[Government Watch] What’s in a License?

I’m continuing to brush up on my Milady’s, and have also set about reviewing the thick packet of Appearance Enhancement License Laws (that link is a pdf, yo) put together by New York’s Division of Licensing Services, who, when not certifying people like me to give facials and cut hair, also issue licenses for real estate agents, coin processors, armored car guards, and pet cemeteries.

And it occurs to me, in reading over that list, that maybe we want to back up a second here. It would be pretty impossible for the department in charge of giving out all those licenses to be fully expert in every industry they are licensing. I mean, just assuming that these fine folks aren’t some strange breed of  pet-burying, coin-processing, hair-cutting, super-power-having whiz kids who make Martha Stewart look one note. So, understanding all that, just what purpose does licensing actually serve?

Here’s what the Division of Licensing Services has to say for itself:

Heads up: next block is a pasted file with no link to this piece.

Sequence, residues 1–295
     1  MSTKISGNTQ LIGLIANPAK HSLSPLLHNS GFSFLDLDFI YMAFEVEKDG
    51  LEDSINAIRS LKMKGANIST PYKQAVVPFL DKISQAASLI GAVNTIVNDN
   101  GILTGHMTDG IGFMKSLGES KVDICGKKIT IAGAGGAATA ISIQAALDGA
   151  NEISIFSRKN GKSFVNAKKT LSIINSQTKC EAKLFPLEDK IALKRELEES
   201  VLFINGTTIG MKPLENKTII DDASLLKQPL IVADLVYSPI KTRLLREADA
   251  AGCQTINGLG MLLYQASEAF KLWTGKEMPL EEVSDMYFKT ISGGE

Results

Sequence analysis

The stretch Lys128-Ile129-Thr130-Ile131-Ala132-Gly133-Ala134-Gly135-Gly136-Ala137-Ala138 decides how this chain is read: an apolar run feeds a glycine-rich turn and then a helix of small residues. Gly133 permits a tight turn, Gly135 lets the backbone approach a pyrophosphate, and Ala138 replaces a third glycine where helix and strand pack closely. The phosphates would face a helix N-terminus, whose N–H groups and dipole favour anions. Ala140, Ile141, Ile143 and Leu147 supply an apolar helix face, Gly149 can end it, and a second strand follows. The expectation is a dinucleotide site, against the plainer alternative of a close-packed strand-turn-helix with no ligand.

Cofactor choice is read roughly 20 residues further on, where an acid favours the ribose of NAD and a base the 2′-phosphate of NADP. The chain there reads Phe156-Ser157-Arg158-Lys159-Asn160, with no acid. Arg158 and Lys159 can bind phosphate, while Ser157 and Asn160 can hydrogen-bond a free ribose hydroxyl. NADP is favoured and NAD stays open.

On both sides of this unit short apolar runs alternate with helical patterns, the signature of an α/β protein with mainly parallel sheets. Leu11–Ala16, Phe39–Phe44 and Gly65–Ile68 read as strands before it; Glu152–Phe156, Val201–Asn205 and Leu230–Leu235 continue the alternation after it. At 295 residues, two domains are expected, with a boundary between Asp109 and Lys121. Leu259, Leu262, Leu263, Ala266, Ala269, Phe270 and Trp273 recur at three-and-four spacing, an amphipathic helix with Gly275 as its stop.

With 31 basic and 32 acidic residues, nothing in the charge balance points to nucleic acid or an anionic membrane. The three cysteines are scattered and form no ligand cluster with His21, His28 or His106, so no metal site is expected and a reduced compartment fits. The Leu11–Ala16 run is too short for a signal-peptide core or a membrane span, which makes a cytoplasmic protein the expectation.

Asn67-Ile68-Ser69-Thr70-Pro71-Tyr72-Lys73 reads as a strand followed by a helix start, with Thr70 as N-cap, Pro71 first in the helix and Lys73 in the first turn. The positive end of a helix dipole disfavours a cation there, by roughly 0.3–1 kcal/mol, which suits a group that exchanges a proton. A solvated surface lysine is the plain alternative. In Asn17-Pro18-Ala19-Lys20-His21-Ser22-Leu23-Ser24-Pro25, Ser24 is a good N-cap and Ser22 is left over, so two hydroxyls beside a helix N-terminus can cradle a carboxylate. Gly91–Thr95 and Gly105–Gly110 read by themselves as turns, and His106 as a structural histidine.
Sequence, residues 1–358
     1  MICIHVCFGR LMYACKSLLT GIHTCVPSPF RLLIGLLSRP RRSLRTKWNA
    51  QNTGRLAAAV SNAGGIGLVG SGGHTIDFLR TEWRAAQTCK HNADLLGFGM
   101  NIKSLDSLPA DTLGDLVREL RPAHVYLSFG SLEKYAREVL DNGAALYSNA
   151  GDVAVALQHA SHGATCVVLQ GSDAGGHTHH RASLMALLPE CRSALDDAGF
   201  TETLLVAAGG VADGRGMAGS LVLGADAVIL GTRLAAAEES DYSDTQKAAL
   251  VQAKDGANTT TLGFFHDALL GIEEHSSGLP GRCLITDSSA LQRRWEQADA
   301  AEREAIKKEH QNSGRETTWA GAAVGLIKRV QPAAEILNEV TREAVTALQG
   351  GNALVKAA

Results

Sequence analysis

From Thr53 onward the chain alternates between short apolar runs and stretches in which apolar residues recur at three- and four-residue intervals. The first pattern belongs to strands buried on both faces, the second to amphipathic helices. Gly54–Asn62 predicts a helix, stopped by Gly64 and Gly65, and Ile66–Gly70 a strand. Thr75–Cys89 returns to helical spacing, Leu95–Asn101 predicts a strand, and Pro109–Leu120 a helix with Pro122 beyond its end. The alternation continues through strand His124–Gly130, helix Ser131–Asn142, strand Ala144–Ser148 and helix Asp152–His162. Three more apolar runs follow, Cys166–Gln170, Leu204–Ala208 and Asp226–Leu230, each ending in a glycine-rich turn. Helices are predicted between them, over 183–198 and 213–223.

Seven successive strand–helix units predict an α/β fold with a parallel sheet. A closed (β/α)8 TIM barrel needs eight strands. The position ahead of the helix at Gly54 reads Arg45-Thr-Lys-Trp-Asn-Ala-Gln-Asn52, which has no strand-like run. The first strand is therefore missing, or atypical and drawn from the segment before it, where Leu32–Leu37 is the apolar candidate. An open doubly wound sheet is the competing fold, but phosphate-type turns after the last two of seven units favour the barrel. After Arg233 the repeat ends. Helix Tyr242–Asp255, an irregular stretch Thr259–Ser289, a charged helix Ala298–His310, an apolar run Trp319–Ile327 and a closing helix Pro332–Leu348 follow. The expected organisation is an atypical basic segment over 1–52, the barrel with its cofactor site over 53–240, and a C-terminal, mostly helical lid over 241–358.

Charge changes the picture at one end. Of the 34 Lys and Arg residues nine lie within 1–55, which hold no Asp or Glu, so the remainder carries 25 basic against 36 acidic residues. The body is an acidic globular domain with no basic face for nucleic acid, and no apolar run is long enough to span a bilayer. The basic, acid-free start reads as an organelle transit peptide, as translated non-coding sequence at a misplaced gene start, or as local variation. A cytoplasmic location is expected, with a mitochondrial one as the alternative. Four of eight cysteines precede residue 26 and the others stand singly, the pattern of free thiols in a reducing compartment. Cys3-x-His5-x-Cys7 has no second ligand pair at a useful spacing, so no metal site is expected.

The New York State Department of State’s Division of Licensing Services plays an important role for consumers, occupational licensees, applicants and the business community in New York State. The Division is responsible for the licensure, registration and/or regulation of the following: real estate brokers and salespersons; barber shops and practitioners; appearance enhancement businesses and practitioners (cosmetology, esthetics, natural hair styling, nail specialty, waxing); private investigators; watch guard or patrol agencies; security guards; security and fire alarm installers; hearing aid dispensers; apartment information vendors; apartment sharing agents; real estate appraisers; notaries public; bedding manufacturers and used bedding sellers; armored car carriers and guards; coin processors; home inspectors; telemarketers; athlete agents and central dispatch facilities. The mission of the Division is to protect the health, safety and welfare of consumers; to provide efficient processing and examination services to license applicants; and to provide accurate information and qualified licensees to the business community.